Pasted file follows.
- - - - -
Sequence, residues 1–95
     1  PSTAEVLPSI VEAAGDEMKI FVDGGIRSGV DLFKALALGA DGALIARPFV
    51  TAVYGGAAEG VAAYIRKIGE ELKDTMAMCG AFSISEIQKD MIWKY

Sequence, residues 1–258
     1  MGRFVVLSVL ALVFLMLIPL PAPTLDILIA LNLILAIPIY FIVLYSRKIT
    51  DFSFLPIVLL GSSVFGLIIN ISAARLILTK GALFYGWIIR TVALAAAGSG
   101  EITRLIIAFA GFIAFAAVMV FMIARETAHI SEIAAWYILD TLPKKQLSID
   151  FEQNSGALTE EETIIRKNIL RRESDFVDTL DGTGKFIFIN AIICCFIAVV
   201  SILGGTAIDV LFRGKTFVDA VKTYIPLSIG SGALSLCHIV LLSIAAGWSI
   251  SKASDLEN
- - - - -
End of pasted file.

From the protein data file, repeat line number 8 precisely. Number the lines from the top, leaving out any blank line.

   151  FEQNSGALTE EETIIRKNIL RRESDFVDTL DGTGKFIFIN AIICCFIAVV